What are we up to with Transeuropa Caravans?
From 25th of April to May 4th – with the exception of the Southern Caravan which leaves from May 2nd to May 10th – Transeuropa Caravans will leave six cities and travel towards another city, passing through more than 30 spots identified in the previous research and mapping phase. The transnational caravans’ teams made up of a coordinator, a communication and a logistics officers, a video-maker and a cartoonist will engage with people involved on the ground in political struggles or initiatives for democracy, solidarity and equality, on topics ranging from the defence of minorities’ rights to the environment, the fight for common goods or the resistance to the power of financial markets… Often these grass roots initiatives are taking place locally but gather knowledge and information that ought to be spread across Europe and be connected to similar initiatives at the other corner of the continent. This journey is a way of connecting all of these initiatives amplifying their voices through the platform we – European Alternatives – provide and through the engagement in the next edition of the Citizens Manifesto and subsequent presentations.
Our aim with this tour is hence to deepen the interaction with the Citizens Manifesto and its policy proposals, discussing and finding concrete ways of putting proposals into action. Along the route, we will also engage MEPs and candidates into this process to bridge the connection to decision makers and those closer to policy making in Brussels. It is a both a political and playful journey organised a long a series of participatory activities and artistic public interventions inviting people to take part and ensure a wide European audience is involved in the trip offline and online through this interactive website.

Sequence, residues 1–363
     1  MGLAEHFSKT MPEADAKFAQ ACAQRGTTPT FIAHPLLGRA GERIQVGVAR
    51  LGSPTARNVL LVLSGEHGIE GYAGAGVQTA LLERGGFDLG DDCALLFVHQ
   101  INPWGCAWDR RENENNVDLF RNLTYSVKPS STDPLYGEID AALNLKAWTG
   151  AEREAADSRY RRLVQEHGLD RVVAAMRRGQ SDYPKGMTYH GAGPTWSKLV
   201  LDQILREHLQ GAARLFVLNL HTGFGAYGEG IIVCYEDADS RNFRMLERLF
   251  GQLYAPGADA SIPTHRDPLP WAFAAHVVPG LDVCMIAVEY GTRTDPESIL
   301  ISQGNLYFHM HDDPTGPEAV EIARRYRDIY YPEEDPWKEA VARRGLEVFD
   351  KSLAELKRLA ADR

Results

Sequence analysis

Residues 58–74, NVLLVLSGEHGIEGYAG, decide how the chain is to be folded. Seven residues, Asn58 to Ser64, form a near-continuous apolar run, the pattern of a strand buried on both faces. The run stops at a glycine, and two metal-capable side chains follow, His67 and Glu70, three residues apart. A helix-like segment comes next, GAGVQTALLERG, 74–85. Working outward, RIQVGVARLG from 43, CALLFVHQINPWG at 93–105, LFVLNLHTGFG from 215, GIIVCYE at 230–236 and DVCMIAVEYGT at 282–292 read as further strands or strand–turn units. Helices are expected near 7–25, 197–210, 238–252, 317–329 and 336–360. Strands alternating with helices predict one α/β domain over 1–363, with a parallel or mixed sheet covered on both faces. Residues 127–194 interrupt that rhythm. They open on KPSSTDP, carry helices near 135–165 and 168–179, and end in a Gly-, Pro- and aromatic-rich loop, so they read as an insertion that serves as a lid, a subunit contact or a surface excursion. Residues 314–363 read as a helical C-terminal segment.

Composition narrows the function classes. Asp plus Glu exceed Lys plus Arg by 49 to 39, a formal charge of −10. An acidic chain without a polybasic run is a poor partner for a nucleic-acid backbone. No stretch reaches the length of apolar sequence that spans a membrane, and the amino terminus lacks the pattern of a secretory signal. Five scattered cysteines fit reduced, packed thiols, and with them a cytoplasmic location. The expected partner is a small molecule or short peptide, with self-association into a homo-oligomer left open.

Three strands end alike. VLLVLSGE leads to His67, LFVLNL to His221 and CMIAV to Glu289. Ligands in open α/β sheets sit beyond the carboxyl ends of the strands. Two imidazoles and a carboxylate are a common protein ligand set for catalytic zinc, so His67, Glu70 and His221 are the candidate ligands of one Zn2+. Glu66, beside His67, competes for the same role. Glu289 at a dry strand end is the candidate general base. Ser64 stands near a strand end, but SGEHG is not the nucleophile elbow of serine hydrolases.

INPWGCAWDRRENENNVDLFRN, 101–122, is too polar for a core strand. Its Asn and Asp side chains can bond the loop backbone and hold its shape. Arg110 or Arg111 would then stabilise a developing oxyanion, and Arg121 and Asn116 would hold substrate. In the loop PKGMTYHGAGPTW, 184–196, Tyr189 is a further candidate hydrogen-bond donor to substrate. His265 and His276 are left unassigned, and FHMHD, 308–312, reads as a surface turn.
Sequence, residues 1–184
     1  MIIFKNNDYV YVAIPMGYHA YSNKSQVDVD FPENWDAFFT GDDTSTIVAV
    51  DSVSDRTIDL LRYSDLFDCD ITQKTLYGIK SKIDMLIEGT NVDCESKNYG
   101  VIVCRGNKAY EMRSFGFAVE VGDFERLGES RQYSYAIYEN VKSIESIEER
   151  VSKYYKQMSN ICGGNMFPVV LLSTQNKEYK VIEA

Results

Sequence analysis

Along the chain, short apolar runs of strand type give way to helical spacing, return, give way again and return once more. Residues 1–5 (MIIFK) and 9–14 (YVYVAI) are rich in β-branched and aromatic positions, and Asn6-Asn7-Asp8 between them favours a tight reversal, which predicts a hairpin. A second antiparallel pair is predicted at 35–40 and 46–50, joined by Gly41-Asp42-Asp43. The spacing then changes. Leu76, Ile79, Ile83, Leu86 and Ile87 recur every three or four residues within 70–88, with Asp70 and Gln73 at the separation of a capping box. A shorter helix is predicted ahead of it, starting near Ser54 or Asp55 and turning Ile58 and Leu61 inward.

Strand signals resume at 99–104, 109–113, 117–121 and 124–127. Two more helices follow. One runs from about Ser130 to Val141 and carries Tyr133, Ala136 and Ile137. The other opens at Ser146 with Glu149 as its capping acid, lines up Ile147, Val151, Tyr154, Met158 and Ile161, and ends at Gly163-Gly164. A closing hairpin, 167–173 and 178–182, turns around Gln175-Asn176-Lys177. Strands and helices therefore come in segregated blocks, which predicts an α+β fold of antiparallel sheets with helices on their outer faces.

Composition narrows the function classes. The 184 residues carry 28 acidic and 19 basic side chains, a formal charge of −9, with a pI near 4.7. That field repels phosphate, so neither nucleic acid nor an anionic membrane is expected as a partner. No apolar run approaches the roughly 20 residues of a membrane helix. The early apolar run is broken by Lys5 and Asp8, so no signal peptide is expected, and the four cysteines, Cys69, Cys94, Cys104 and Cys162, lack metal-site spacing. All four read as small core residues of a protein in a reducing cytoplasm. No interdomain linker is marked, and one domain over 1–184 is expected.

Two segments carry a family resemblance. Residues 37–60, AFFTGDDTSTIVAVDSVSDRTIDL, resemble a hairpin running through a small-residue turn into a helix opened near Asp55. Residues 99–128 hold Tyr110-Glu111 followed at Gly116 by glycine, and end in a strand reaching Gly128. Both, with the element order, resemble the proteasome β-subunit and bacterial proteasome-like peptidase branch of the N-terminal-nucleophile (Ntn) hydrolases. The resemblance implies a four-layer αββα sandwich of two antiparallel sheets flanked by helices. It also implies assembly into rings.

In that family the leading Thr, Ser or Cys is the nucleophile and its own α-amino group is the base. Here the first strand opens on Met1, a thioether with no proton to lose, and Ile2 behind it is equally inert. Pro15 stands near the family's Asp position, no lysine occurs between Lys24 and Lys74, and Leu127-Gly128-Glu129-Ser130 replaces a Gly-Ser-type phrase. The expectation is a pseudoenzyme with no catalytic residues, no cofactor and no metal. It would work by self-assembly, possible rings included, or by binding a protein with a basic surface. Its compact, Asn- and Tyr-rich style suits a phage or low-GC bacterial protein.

Our journey so far
European Alternatives has worked during three years to facilitate dialogue and contact between diverse groups of people living in Europe. Through the use of citizens’ panels, we have encountered large groups of people, including migrants, Roma people, LGBT people, unemployed or precarious young people and many EU citizens living in Members States they are not citizens of. Their concerns and proposals have been gathered in the Citizens Manifesto that was published in 2013 and presented to the public for the first time in Berlin in October 2013 as well as the European Parliament in December 2013. This idea of a pan-European dialogue of citizens that emerged from this process of the Citizens Pact is now taken to a different level: we leverage on the experience of drafting the Citizens Manifesto to produce tangible impact ahead of one of the key moments in European politics, the elections for the European Parliament in May 2014.